Mitochondrial DNA short tandem repeats unveil hidden population structuring and migration routes of an endangered marine turtle

Yaron Tikochinski, Phil Bradshaw, Angela Mastrogiacomo, Annette Broderick, Alon Daya, Andreas Demetropoulos, Simon Demetropoulos, Nicolas George Eliades, Wayne Fuller, Brendan Godley, Yakup Kaska, Yaniv Levy, Robin Snape, Lucy Wright, Carlos Carreras

Research output: Contribution to journalArticlepeer-review


The assessment of the composition and dynamics of endangered populations is crucial for management and conservation, and appropriate genetic markers are critical. The genetic structuring of the Mediterranean green turtle (Chelonia mydas) populations and the origin of the stranded animals found along the Israeli coast was investigated using new highly polymorphic short tandem repeat (STR) markers. The structuring of nesting populations was studied using pairwise genetic distances and a principal coordinates analysis (PCoA). The contribution of the different nesting populations to the stranded sample was assessed by using a mixed-stock analysis. A clear population genetic structure, not detected before, has been revealed. The four nesting populations are genetically well differentiated, and thus should be considered as different management units. The populations from Turkey and Israel showed higher resemblance, despite residing at opposite ends of the Mediterranean distribution. The Turkish nesting population is the main source of the stranded turtles sampled along the Israeli shore, confirming that individuals from this population migrate from north to south along the eastern shore of the Mediterranean, as previously shown by telemetry studies. The use of a highly polymorphic haplotyping method enabled the detection of a clear genetic structuring of the green turtle populations in the eastern Mediterranean Sea that was not revealed in previous studies, demonstrating the importance of marker selection in population genetics. The analysis of the genetic composition of the stranded turtles allowed us to investigate the migration patterns from nesting to foraging areas, supporting previous satellite-tracking and stable-isotope results. These results will help to delineate conservation management units for the species in the Mediterranean, and reveal connectivity among beaches and mixed aggregations.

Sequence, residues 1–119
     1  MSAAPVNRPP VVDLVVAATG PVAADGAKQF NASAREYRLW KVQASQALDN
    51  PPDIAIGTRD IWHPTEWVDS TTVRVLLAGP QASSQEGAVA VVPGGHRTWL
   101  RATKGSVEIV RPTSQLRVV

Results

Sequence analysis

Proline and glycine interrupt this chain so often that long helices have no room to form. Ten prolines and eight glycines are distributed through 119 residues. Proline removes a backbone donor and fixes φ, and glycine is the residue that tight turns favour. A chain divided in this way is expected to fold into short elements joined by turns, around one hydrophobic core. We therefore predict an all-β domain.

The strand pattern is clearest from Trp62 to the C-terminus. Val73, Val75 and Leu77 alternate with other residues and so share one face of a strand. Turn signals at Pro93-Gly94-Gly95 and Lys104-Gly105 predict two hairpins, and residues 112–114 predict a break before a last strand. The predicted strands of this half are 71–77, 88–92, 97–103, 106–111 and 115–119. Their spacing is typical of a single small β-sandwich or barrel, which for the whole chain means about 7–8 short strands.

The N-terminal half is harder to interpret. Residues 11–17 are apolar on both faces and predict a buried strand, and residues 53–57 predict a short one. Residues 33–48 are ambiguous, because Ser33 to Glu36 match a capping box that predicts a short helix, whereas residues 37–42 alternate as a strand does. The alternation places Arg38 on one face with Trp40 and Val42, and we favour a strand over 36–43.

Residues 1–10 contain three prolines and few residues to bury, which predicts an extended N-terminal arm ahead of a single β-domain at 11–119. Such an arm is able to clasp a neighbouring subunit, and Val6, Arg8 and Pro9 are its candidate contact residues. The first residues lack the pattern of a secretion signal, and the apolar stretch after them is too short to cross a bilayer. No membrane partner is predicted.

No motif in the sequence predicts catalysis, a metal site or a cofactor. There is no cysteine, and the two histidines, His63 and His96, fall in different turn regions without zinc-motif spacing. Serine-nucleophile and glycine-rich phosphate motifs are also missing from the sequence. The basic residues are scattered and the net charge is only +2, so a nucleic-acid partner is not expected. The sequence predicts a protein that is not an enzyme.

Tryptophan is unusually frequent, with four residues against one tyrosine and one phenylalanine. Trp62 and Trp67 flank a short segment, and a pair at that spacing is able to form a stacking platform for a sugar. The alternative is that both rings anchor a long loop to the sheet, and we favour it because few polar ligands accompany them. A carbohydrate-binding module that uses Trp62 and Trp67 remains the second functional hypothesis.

Original languageEnglish
Pages (from-to)788-797
Number of pages10
JournalAquatic Conservation: Marine and Freshwater Ecosystems
Issue number4
StatePublished - Aug 2018
Externally publishedYes

Bibliographical note

Publisher Copyright:
Copyright © 2018 John Wiley & Sons, Ltd.


  • Chelonia mydas
  • genetic diversity
  • Mediterranean Sea
  • mitochondrial DNA
  • mixed-stock analysis
  • short tandem repeats

ASJC Scopus subject areas

  • Aquatic Science
  • Ecology
  • Nature and Landscape Conservation


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